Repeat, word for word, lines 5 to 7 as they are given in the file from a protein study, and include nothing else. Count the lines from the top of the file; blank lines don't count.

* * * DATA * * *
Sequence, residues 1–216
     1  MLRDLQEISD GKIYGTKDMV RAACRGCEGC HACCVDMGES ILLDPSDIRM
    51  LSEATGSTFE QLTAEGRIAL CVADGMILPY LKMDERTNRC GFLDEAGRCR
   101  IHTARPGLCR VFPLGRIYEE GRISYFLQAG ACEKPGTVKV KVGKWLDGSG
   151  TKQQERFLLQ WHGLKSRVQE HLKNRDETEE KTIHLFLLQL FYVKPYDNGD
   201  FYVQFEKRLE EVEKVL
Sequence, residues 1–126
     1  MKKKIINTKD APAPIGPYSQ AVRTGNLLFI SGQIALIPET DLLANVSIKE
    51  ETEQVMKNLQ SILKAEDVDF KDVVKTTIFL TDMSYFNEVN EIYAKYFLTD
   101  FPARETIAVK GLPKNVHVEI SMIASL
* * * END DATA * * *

   151  TKQQERFLLQ WHGLKSRVQE HLKNRDETEE KTIHLFLLQL FYVKPYDNGD
   201  FYVQFEKRLE EVEKVL
Sequence, residues 1–126